KC priest pleads not guilty to child porn charges; Bishop Finn apologizes
May 24, 2011
Five months after officials of the Diocese of Kansas City - St. Joseph found disturbing images on the computer of Father Shawn Ratigan, the priest has pled not guilty to child pornography charges.
“In mid December of 2010, I was told that a personal computer belonging to Fr. Shawn Ratigan was found to have many images of female children,” Bishop Robert Finn said in a statement. “Most of these were images of children at public or parish events. I was told that there were also some small number of images that were much more disturbing, images of an unclothed child who was not identifiable because her face was not visible.”
“The very next day, we contacted a Kansas City, Missouri Police officer and described one of the more disturbing images,” Bishop Finn continued. “At the same time the diocese showed the images to legal counsel. In both instances we were told that, while very troubling, the photographs did not constitute child pornography as they did not depict sexual conduct or contact.”
Following recovery from a suicide attempt, the priest was permitted to celebrate Mass at a nuns’ chapel and not permitted to be near children. Bishop Finn added:
When Shawn continued to disregard these requirements, on May 12 ,Vicar General Monsignor Robert Murphy contacted the same police officer previously consulted to discuss his concerns. That officer facilitated our report to the Cyber Crimes Against Children Unit. Along with our report we provided the electronic images that we had received in December. Detective Maggie McGuire began an investigation. In the past week she conducted interviews and, pursuant to a search warrant, found additional materials, which had never been in our possession and which we did not know existed, and which are alleged to constitute child pornography. On May 19, Shawn Ratigan was arrested and charged in Clay County with three counts of a C felony possession of child pornography. I deeply regret that we didn’t ask the police earlier to conduct a full investigation.
According to the National Catholic Reporter, the diocesan review board was not informed of the incident.
Bishop Finn spoke to 300 parishioners at Father Ratigan’s former parish on May 20. “I should have done differently in this regard and I’m sorry,” Bishop Finn reportedly said. “Don’t trust me. Trust our Lord Jesus Christ, trust his Church.”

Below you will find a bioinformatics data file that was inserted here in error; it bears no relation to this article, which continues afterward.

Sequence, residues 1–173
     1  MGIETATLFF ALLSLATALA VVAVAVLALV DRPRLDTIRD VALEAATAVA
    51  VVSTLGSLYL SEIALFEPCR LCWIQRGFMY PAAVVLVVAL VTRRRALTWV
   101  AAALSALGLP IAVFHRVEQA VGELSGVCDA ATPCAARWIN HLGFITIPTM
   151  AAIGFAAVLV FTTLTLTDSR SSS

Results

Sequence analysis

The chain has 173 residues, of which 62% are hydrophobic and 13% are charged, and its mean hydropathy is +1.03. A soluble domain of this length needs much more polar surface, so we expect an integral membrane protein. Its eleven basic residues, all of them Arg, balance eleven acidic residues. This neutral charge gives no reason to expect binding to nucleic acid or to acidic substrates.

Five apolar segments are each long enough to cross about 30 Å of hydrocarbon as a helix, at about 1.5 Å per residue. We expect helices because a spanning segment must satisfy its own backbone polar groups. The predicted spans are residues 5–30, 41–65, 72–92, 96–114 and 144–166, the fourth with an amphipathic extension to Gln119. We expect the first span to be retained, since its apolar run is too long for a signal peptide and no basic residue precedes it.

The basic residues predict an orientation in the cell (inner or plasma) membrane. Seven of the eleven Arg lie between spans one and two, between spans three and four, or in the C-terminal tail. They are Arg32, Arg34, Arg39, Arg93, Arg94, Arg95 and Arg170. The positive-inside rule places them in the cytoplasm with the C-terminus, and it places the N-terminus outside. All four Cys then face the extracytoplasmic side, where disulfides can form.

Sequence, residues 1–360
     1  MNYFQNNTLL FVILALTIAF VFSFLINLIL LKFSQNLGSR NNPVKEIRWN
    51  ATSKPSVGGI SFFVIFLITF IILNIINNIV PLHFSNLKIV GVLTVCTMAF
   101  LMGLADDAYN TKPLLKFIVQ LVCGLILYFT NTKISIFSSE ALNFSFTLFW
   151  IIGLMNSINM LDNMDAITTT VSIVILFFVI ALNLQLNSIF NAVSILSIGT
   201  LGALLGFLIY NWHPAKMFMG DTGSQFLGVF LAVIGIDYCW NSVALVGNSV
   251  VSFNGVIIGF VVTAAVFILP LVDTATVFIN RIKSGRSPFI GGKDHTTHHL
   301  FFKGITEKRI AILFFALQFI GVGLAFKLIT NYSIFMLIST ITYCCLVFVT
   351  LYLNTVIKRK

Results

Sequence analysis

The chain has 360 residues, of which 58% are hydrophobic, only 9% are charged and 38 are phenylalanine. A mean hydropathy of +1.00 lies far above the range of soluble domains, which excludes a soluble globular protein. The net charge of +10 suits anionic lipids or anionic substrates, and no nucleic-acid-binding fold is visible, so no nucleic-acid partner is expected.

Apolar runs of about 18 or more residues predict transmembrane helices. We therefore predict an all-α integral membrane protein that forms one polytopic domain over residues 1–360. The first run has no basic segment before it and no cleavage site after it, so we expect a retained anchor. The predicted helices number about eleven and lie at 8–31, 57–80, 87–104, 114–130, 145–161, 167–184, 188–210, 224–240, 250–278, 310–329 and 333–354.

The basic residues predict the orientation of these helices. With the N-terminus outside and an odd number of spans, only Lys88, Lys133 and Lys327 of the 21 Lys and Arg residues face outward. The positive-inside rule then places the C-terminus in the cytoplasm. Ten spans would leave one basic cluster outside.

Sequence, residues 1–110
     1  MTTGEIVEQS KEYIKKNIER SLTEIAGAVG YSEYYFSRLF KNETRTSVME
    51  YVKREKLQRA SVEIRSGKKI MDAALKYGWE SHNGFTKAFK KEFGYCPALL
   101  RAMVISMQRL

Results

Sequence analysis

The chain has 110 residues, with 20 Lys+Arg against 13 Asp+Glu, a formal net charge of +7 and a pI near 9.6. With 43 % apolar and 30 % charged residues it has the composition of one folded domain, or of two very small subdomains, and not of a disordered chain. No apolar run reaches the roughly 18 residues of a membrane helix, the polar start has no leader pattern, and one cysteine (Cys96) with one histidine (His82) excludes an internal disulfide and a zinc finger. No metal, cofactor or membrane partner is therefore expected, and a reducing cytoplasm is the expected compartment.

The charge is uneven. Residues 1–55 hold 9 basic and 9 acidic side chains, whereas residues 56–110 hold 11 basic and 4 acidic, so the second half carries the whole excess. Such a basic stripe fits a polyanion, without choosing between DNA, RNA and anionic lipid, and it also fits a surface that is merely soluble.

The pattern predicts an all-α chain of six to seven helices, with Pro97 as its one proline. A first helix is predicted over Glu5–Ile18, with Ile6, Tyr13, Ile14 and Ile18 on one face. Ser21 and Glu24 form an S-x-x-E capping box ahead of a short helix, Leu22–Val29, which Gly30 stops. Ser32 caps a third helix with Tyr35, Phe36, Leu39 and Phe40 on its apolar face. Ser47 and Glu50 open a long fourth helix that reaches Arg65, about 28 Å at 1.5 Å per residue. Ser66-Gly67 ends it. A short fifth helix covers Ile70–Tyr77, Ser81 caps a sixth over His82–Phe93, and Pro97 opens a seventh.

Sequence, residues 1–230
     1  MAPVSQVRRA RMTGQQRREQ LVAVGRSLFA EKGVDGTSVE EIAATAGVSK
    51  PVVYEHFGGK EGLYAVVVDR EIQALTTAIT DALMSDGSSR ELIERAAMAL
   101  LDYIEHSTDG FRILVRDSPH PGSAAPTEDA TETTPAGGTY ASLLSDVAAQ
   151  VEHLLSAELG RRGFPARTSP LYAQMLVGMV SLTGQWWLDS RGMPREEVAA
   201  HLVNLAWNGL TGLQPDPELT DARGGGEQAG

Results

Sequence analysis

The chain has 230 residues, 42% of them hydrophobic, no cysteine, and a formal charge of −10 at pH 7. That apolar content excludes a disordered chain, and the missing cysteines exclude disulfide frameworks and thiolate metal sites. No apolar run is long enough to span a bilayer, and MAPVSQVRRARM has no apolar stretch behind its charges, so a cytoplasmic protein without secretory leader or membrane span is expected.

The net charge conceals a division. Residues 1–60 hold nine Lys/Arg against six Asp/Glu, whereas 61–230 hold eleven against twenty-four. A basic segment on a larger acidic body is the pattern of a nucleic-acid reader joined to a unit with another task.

An alumnus of Mundelein Seminary, Father Ratigan, now 45, was ordained to the priesthood in 2004.
For all current news, visit our News home page.
- Priest pleads not guilty in child-pornography case (Kansas City Star)
- Bishop Finn's Response To Rev. Ratigan's Arrest (KCTV-TV)
- Bishop admits failure in priest's child pornography case (National Catholic Reporter)
All comments are moderated. To lighten our editing burden, only current donors are allowed to Sound Off. If you are a donor, log in to see the comment form; otherwise please support our work, and Sound Off!
Posted by: hartwood01 -
May. 25, 2011 3:05 PM ET USA
Pictures of nude children don't constitute pornography? You don't need the OK from civil authorities to give that a pass. Finn, sitting on this for 5 months, behaved like all the past blind-eyed bishops before him. When will we be delivered from these brain-dead (a kind adjective) bishops?
Posted by: rpp -
May. 24, 2011 7:20 PM ET USA
While I think the Bishop may, *in hindsight*, have done more, he did quite a bit. The fact that the material they first saw did not rise to level of criminal material is a key detail. Still, he did take action and tried to limit the priest's contact with children until, presumably, the matter was cleared up. That did not work, so called the authorities. First he showed mercy with caution. When that failed, he brought in the civil authorities. Sounds like a good progression to me.
Posted by: -
May. 24, 2011 7:36 AM ET USA
I agree it seems the bishop should have handled the situation more proactively. In his defense, the police were contacted the day after discovering the photos, although we're not told exactly what the police were told. What I wonder is why the police didn't begin an investigation immediately.